May 30, 2018
Amid Environmental Protection Agency (EPA) Administrator Scott Pruitt's long list of personal scandals and the Trump administration's wide-ranging war on science, a trio of lawsuits filed Wednesday charge that the administration has actively endangered farmworkers and the environment by blocking pesticide regulations at the behest of chemical corporations.
"Pesticides are meant to be poisonous."
--New York Attorney General Barbara D. Underwood
The three suits offer a glimpse into the fight aimed at defeating President Donald Trump's pesticide agenda, largely enacted by Pruitt.
One case focuses on the EPA's decision to abandon an assessment of the dangers of malathion, which is among the most harmful pesticides available. The other two cases--brought by environmental groups and three state attorneys general--target the agency's indefinite suspension of a training mandate that's meant to help pesticide handlers avoid being poisoned on the job.
"Pesticides are meant to be poisonous," noted New York Attorney General Barbara D. Underwood. "Yet, Trump EPA is purposefully denying farmworkers the tools they need to protect themselves and their families from these dangerous chemicals."
The Obama administration revised the Agricultural Worker Protection Standard (WPS), the federal rulebook on pesticide safety, in 2015 to require enhanced training for anyone who handles pesticides--but in December, the Trump administration announced plans to gut the WPS, and suspended the training requirement.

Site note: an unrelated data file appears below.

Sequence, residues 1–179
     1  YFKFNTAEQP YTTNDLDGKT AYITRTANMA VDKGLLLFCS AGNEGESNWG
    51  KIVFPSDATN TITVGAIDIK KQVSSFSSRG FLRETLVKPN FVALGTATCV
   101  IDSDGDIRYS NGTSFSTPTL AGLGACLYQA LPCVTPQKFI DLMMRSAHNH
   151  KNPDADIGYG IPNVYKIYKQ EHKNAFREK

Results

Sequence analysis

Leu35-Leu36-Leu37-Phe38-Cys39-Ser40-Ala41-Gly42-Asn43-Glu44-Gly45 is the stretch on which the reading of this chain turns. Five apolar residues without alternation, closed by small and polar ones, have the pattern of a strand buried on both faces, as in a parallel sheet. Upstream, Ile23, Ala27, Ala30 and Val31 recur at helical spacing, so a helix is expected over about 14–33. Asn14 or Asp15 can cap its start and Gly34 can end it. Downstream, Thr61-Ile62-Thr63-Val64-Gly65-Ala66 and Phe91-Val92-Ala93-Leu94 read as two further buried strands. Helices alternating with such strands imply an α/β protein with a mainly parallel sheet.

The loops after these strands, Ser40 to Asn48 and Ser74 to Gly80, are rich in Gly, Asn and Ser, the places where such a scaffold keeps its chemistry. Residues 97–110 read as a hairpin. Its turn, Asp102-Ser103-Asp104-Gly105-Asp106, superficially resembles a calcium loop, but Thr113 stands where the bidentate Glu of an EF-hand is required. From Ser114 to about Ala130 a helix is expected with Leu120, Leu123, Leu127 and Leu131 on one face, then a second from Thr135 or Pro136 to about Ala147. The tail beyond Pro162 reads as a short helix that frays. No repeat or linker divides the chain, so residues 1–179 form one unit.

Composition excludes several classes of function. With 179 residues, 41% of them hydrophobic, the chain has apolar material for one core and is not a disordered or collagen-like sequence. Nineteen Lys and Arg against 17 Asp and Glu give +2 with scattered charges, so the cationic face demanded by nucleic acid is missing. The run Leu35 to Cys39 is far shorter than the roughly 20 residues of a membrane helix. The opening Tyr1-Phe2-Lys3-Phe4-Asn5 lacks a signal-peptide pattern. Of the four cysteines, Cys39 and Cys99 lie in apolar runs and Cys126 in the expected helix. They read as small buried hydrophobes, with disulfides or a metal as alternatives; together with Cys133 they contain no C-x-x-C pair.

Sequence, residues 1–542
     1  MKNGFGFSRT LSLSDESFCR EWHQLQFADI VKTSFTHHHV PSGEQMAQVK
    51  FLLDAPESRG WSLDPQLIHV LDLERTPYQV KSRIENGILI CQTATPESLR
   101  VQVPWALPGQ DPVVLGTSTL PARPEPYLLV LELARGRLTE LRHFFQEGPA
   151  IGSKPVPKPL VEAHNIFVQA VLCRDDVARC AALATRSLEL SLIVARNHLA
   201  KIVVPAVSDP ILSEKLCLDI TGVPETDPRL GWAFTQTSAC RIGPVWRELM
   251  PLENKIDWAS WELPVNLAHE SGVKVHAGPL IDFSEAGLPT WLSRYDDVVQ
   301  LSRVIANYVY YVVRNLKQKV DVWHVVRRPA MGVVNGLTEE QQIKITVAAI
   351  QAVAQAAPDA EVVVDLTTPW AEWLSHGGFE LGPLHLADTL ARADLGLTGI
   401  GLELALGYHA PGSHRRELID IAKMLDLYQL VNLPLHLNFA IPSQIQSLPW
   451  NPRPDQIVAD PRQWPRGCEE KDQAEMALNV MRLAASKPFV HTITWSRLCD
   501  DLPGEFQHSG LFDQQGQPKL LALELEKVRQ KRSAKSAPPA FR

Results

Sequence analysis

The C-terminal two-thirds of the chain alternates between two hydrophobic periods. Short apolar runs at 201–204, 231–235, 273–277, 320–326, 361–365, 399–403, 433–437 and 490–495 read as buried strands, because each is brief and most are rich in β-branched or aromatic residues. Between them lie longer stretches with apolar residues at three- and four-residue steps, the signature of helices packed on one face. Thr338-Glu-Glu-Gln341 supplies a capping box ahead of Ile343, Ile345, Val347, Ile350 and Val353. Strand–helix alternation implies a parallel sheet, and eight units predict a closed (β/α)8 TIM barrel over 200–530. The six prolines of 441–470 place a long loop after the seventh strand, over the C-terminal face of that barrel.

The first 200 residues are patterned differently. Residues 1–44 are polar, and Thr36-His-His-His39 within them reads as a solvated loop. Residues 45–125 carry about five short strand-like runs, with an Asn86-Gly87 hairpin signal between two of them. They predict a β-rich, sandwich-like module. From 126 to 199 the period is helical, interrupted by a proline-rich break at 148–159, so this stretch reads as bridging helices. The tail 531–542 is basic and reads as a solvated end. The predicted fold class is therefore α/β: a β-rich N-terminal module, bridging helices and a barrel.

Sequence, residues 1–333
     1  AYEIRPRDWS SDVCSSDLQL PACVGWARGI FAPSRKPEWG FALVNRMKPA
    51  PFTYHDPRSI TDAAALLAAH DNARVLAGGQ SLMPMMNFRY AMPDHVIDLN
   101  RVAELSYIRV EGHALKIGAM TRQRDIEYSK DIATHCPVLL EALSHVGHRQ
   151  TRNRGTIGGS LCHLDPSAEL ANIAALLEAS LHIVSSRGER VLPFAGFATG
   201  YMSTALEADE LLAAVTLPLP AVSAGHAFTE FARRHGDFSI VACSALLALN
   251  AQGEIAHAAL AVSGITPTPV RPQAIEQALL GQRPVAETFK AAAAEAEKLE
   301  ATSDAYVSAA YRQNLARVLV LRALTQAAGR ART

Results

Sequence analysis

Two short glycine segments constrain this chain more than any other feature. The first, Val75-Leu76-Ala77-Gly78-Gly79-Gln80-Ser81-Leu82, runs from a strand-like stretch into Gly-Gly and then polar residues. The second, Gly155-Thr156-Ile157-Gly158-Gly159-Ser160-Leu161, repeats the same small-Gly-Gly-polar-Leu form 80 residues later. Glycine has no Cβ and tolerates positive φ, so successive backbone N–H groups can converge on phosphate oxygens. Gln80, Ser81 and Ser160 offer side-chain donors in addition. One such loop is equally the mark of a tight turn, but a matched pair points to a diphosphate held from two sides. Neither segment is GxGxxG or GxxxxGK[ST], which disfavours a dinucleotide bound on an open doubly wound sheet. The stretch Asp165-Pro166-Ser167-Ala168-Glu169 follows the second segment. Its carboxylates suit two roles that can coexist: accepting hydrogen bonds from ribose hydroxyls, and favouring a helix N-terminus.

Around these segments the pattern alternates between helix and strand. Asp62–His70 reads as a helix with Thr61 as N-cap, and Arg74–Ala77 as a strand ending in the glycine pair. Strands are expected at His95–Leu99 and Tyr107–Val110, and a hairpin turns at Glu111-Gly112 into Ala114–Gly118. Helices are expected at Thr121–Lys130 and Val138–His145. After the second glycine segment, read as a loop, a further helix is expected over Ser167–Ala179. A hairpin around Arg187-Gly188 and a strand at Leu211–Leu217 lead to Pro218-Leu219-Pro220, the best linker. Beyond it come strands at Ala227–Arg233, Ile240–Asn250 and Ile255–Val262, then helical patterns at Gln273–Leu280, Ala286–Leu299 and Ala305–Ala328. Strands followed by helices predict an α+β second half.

Underwood, who is challenging the move along with the attorneys general from Maryland and California, called the suspension "reprehensible" and "illegal."
"This is outrageous and immoral," declared Richard Witt, executive director of the Rural & Migrant Ministry. Witt's group is one of many farmworker organizations that have joined with Earthjustice to issue a second challenge to the EPA suspension.
"We are calling on the Trump administration to put people's lives and their health over cutting corners for corporate gain."
--Monica Ramirez, Alianza Nacional de Campesina
"This should be a no-brainer," said Earthjustice attorney Hannah Chang about moving forward with the upgraded training materials. "But because of EPA's refusal, thousands of farmworkers will not receive the pesticide training they need to know their rights in the workplace, and to protect themselves and their families from pesticide exposure."
Monica Ramirez, president of Alianza Nacional de Campesina--which has also signed on to the Earthjustice suit--pointed out that "rigorous review by scientists and others has already determined that it was necessary to provide more training and increase regulation of these dangerous chemicals to protect the health of workers and community members."
"We are calling on the Trump administration to put people's lives and their health over cutting corners for corporate gain," Ramirez said. After all, as Worker Justice Center of New York executive director Lewis Papenfuse noted, the "EPA's mission is to protect public health."